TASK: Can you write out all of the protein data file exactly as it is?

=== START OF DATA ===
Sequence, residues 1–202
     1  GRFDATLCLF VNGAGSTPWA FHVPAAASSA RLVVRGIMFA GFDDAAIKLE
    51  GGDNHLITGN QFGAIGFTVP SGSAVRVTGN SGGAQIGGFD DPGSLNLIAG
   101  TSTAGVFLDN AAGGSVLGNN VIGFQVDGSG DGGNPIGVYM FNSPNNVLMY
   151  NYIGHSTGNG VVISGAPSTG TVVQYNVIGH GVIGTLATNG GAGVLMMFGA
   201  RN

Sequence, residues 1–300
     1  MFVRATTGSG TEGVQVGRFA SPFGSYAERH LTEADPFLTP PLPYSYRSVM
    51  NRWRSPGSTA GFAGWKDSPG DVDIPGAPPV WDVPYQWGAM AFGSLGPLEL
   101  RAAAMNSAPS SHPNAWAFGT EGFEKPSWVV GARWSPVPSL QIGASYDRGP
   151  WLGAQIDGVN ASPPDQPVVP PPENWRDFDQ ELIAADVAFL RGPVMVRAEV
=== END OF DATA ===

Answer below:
Sequence, residues 1–202
     1  GRFDATLCLF VNGAGSTPWA FHVPAAASSA RLVVRGIMFA GFDDAAIKLE
    51  GGDNHLITGN QFGAIGFTVP SGSAVRVTGN SGGAQIGGFD DPGSLNLIAG
   101  TSTAGVFLDN AAGGSVLGNN VIGFQVDGSG DGGNPIGVYM FNSPNNVLMY
   151  NYIGHSTGNG VVISGAPSTG TVVQYNVIGH GVIGTLATNG GAGVLMMFGA
   201  RN

Sequence, residues 1–300
     1  MFVRATTGSG TEGVQVGRFA SPFGSYAERH LTEADPFLTP PLPYSYRSVM
    51  NRWRSPGSTA GFAGWKDSPG DVDIPGAPPV WDVPYQWGAM AFGSLGPLEL
   101  RAAAMNSAPS SHPNAWAFGT EGFEKPSWVV GARWSPVPSL QIGASYDRGP
   151  WLGAQIDGVN ASPPDQPVVP PPENWRDFDQ ELIAADVAFL RGPVMVRAEV